It’s also worth remembering that this collection is very partial. The artworks all came from the Ministry of Information, but they were by no means the sole source of posters during the war.  Both National Savings and the Ministry of Food, two of the highest-spending departments at the time, commissioned their own advertising, so very few of their designs, if any, would turn up in the MoI’s archives.   And that’s without considering other poster producers, from British Railways to the Army.  Even so, there are still some delightful surprises in there.  It may not be the greatest design ever – apparently by the mysterious Xenia – but I love the idea of Village Produce Associations a lot.

Xenia poster artwork village produce associations

So I am very happy to report that Google reveals many VPA’s founded during the war are still going today.  Hurrah.

That kind of continuity after the war is also apparent in the poster designs.  It’s easy to believe, as I’ve said on here before, that all wartime posters stopped as soon as hostilities ceased, but that’s far from the truth.  Many campaigns, from salvage to fuel saving, just continued unchanged.  This fuel saving poster – in the great tradition of bossy shouty slogans – could date from during or after the war.

Turn that Gas down World War Two austerity fuel saving poster national archives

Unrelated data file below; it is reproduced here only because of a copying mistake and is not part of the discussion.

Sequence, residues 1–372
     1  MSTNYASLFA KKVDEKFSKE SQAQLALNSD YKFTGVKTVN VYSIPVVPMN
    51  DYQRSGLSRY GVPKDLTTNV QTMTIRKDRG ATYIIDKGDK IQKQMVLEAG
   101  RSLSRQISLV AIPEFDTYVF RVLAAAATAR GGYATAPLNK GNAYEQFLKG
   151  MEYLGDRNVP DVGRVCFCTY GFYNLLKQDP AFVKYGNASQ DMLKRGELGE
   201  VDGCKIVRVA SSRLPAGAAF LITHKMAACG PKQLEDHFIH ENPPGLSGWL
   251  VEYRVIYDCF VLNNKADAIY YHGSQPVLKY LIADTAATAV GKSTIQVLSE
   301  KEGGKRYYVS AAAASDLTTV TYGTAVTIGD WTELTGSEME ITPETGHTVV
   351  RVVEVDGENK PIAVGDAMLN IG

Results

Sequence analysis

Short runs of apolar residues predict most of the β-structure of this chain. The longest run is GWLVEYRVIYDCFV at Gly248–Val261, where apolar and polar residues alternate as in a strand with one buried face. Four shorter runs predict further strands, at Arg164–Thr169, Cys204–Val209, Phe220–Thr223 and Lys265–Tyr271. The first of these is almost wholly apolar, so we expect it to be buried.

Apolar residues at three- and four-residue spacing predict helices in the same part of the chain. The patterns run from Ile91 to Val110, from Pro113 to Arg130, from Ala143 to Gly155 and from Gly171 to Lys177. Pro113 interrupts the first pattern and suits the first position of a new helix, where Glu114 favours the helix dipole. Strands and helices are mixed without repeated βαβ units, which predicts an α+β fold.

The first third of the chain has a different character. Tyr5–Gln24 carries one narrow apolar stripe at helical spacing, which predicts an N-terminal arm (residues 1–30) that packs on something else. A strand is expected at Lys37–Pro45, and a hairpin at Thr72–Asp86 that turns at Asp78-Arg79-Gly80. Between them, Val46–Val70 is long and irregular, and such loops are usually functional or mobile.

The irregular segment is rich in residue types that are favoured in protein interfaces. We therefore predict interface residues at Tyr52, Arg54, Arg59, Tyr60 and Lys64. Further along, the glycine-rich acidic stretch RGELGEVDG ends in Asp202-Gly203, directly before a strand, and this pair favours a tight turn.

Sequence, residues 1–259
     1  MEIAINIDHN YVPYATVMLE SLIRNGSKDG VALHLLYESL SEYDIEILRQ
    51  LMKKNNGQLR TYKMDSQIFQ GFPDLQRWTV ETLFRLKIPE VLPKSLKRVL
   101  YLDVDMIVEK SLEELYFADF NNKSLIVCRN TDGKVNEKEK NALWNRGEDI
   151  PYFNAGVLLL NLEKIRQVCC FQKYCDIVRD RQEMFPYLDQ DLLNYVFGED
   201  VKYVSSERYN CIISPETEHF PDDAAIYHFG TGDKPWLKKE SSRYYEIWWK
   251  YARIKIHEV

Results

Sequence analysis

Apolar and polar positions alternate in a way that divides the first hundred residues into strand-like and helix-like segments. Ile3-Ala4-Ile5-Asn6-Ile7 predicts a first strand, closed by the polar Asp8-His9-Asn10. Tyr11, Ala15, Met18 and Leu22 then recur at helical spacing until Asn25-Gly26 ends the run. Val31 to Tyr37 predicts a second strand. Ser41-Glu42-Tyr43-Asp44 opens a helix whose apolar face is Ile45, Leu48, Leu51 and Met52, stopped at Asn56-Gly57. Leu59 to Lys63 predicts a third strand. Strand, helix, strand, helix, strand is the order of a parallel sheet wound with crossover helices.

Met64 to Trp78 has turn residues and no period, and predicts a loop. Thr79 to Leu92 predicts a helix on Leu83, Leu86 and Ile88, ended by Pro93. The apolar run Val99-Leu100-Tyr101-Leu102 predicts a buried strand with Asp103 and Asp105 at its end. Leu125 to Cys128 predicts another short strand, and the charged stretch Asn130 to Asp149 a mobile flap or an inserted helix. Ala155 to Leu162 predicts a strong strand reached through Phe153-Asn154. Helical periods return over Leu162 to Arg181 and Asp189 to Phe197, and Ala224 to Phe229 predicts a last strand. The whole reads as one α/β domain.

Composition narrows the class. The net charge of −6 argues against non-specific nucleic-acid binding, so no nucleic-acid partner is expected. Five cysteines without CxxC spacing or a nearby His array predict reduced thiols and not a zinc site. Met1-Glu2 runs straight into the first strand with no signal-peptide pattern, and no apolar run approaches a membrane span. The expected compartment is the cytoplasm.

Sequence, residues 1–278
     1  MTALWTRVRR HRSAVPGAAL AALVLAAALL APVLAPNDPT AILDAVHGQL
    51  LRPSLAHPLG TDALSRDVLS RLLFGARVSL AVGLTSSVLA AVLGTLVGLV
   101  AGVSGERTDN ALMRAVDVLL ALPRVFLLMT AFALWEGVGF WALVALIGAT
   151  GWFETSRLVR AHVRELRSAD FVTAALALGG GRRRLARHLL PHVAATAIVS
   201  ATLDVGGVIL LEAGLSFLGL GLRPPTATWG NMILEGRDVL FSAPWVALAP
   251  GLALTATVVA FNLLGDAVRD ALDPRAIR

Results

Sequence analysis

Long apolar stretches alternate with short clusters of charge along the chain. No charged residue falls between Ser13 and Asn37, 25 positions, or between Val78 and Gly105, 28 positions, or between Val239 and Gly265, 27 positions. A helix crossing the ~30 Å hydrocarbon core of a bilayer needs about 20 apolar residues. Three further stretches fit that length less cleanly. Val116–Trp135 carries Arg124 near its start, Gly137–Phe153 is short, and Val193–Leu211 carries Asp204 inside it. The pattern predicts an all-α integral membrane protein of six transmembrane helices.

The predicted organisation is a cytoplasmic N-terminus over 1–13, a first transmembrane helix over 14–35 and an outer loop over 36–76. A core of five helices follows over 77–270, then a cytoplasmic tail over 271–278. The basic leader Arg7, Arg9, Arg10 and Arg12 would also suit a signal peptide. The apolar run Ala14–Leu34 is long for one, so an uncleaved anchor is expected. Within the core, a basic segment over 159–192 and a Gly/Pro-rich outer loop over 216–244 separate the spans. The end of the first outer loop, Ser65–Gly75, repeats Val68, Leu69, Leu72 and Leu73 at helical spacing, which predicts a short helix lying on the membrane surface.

Other campaigns, meanwhile, were reversioned for the peace.

Dig for Plenty world war two poster reversioned for austerity post war national archives

Dig for plenty world war two austerity poster national archives artwork

It’s also fascinating to see some of the very definitely post-war designs produced by the new Labour Government to persuade people that the continuing austerity was necessary – a much harder job than wartime propaganda.

We work or want post world war two propaganda poster national archives

Wages and salaries can only go up with production post war propaganda poster national archives

These seem to me to be much rarer than the wartime posters, presumably because, by this stage of post-war austerity, no one at all wanted to keep them as a souvenir.

There’s plenty more to be seen in there too – including this Percy Drake Brookshaw artwork for – well for what?

Percy Drake Brookshaw apple picking artwork for something national archives

So why not take a look and see what I’ve missed out.

 

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4 Comments

  1. W P
    Posted July 6, 2012 at 1:03 pm | Permalink

    That Dorrit Dekk poster is absolutely spectacular! What a find!

  2. crownfolio
    Posted July 7, 2012 at 7:17 am | Permalink

    She is still alive and selling her collages on eBay,or at least was last time I looked. And yes, it’s great isn’t it!

  3. Posted October 9, 2012 at 4:41 pm | Permalink

    Is it me, or do some of these posters have a Soviet feel to them? Really lovely pieces – my favourite is the first Eileen Evans.

  4. crownfolio
    Posted October 9, 2012 at 5:41 pm | Permalink

    Yes, I think there is a very real link, as most of these posters date from the period when the soviets were allies, and before the Cold War set in. Somewhere out there is a World War Two poster whose message to women workers is: Cover Your Hair – Your Soviet Sister Does!